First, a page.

South Africa is burning. It’s not yet a conflagration but to ignore its potential to become one would be a terrible mistake.
The fiery eruptions are claimed to be about failed service delivery, or corruption, or too little policing. Or, in the case of taxi protests, too much policing. Or the wrong cadre in the job. Or all of the above.
The resulting militancy and rage can be called resistance. Or call it revolution. Call it insurrection. Or cloak it in euphemism: “Angry protests that degenerated…”.
Whatever the terminology of the propagandists and the apologists, the situation is poised. The sporadic community violence that has been bubbling nationwide for years appears to becoming more frequent, more brazen, more organised, and more directed at securing specific political outcomes.
The problem needs to be addressed, but the SA Police Service seems to lack the ability to do anything, while the African National Congress seems to lack the courage to do anything. Into that vacuum slide the firebrands, the criminals, and the political hyenas.
In North West, for the past two months, there has been ongoing violence, with tire-burning, shop-looting mobs that demanded the exit of the province’s premier. Union vigilantes have joined in and, ironically citing poor healthcare, have with callous indifference barricaded hospitals and clinics, not allowing staff or patient access, as well as interdicting medical supplies.
The police have responded cautiously. In April, there reportedly were 400 arrests but very few since, as President Cyril Ramaphosa seeks a political solution – getting rid of the premier and installing a more capable and less corrupt administration.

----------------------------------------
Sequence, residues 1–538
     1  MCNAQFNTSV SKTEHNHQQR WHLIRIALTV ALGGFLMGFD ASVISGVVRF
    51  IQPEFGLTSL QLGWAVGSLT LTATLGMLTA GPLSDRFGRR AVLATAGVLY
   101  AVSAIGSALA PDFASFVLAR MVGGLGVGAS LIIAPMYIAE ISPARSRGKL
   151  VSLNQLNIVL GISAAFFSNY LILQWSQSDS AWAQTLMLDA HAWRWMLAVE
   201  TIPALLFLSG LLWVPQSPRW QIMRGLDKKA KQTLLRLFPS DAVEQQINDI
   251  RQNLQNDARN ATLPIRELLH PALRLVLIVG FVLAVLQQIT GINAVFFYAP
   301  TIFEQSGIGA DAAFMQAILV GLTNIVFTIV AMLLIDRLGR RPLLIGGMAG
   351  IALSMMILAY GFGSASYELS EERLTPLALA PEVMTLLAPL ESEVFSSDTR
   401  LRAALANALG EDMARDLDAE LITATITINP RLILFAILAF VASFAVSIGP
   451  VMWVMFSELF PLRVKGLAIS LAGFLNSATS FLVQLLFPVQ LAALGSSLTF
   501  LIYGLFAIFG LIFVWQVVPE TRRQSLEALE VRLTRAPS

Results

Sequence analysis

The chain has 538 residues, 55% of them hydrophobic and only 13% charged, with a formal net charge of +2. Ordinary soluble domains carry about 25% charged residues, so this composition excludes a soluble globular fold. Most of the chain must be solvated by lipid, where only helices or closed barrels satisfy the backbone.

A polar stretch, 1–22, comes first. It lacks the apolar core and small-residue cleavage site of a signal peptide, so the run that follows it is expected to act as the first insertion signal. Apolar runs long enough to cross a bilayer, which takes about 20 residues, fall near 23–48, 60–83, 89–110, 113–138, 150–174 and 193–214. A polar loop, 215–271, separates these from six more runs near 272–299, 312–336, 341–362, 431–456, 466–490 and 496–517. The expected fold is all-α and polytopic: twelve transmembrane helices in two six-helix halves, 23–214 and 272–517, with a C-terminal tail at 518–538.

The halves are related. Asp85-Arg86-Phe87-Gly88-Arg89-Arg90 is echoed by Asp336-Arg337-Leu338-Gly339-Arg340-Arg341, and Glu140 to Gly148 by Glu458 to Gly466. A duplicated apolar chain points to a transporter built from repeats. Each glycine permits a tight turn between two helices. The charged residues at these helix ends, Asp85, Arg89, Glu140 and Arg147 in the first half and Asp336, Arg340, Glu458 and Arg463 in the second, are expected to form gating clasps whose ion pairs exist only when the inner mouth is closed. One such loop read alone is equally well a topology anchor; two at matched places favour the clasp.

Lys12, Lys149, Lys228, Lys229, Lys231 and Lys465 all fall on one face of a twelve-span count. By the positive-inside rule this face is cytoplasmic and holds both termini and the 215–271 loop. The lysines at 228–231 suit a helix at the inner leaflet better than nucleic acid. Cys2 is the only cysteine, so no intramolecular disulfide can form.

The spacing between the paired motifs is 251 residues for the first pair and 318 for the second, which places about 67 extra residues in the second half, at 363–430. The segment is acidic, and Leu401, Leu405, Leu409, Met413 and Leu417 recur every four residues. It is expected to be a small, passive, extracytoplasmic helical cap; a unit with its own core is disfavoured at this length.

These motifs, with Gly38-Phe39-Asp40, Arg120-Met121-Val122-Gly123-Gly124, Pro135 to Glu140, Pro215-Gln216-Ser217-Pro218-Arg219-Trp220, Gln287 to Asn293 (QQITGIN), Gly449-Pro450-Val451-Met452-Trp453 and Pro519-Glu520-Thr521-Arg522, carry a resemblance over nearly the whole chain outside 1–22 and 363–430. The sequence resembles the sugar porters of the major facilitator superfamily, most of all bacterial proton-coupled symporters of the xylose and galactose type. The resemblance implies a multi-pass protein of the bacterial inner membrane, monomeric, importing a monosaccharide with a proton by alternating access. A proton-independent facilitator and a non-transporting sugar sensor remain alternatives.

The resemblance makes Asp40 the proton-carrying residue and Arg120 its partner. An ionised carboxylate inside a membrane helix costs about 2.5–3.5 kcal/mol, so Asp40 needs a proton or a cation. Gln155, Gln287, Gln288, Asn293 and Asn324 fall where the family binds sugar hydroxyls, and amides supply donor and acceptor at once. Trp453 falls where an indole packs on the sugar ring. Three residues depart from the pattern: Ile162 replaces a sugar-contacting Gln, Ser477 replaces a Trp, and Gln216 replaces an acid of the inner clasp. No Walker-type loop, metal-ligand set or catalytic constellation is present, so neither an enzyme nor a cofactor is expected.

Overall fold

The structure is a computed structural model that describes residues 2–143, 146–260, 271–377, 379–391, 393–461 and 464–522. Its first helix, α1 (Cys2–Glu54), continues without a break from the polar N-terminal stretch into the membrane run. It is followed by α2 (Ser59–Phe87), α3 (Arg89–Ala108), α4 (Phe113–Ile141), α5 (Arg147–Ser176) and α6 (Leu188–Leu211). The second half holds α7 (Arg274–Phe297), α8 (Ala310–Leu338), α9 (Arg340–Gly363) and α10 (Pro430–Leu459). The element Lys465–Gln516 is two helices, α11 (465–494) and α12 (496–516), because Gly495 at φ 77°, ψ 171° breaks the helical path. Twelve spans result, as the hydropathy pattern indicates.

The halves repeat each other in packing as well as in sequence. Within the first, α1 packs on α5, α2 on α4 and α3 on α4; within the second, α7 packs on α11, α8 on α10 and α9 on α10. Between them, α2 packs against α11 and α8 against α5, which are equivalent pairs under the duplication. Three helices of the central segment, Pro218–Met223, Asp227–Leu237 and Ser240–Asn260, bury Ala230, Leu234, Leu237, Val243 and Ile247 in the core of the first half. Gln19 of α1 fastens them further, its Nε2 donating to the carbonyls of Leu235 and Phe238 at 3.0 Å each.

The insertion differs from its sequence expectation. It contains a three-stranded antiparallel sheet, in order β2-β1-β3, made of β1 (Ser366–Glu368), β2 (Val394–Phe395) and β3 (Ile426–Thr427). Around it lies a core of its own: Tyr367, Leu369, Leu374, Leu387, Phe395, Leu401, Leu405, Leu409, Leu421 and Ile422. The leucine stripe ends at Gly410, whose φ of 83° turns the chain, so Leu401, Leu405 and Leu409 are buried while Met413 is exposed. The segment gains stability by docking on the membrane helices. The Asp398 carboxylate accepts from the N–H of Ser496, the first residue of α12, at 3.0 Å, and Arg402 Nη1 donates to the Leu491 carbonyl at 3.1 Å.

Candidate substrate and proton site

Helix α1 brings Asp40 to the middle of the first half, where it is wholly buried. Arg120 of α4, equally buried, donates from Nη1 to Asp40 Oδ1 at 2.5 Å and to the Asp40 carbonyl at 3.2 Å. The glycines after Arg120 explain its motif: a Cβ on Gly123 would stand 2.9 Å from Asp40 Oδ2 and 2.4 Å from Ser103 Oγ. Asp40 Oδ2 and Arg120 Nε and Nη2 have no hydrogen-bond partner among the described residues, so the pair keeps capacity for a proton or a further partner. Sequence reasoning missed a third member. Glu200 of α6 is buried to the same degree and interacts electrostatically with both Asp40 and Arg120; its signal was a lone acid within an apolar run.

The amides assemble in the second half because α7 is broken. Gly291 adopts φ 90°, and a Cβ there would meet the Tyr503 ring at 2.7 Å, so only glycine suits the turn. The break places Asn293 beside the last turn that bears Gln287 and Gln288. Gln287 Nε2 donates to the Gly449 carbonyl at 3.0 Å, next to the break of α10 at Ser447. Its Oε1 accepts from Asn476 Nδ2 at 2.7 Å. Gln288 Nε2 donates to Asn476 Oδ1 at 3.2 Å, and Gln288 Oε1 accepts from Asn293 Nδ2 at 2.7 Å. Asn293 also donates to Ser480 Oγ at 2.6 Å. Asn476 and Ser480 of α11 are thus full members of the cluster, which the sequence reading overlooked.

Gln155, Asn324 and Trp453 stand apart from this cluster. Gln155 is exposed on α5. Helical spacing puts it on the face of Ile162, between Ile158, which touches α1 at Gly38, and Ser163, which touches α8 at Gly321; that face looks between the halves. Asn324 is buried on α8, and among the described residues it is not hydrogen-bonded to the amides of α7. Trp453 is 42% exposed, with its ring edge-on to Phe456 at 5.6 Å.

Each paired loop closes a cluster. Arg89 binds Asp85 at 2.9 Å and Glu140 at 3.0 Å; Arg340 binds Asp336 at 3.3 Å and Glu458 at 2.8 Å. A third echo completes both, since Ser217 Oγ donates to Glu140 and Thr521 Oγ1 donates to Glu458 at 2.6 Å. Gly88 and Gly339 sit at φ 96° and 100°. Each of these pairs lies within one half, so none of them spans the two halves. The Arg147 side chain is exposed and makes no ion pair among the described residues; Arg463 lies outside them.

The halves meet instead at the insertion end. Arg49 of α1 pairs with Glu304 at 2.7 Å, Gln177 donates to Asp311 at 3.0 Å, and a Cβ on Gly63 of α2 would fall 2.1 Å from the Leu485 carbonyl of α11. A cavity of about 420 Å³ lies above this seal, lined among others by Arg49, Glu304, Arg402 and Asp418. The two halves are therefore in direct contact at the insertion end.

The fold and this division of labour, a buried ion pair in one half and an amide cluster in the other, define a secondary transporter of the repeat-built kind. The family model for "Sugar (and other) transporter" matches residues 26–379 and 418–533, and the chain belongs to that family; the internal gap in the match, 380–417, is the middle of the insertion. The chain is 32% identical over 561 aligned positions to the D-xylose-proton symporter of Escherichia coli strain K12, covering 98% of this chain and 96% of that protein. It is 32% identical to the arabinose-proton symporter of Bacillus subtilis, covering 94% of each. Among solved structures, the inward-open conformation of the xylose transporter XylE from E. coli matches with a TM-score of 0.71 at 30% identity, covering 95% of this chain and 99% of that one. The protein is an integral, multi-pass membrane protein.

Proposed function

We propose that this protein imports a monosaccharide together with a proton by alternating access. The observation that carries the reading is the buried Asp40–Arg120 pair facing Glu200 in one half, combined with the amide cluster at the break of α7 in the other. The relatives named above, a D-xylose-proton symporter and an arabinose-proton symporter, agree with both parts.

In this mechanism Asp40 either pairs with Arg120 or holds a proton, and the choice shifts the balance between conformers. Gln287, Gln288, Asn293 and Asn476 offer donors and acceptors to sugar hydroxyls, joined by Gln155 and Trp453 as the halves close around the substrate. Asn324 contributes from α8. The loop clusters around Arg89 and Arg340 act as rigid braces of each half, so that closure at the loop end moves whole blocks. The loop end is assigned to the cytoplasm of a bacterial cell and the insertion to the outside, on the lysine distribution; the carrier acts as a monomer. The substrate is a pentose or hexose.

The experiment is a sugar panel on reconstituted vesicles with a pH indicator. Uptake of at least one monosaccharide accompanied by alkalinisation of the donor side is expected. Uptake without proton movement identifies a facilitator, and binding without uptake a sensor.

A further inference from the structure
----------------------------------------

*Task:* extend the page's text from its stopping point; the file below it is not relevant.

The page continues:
In KwaZulu-Natal, a fortnight ago, the N3 highway – the umbilical cord joining Gauteng, the country’s economic powerhouse, to Durban, Africa’s busiest port – was closed for almost 48 hours. What the media forgivingly terms “protestors” looted and set alight 35 long-haul trucks, causing hundreds of millions of rands of losses.
It was the second such incident within days, yet the police somehow managed to be caught completely flat-footed. They could arrest only 54 people, not even in the act but afterwards, during a house-to-search for looted goods. Only six had to appear in court, charged with theft.
In the Western Cape, this week, a Muizenberg restaurant was firebombed by what Afrovoice called “illegal land invaders” – as opposed, presumably, to the “legal” land invaders that are punted by radicals. Cars were stoned, several buildings set alight, and two councillors briefly held hostage.
The damage was around R8m. Only two arrests were made.
These are only some recent, dramatic incidents. There are many more. They flare briefly in the consciousness of a media which, on the whole, has the attention span of gnat and the analytical focus of a firefly.
Yet, cumulatively, they are pushing an unheeding SA along a dangerous path. No government can indefinitely allow sustained, spreading public violence by its citizenry. Especially not when this changes from being the relatively spontaneous venting of anger, to being a calculated political strategy. At least, not if it hopes to remain the government.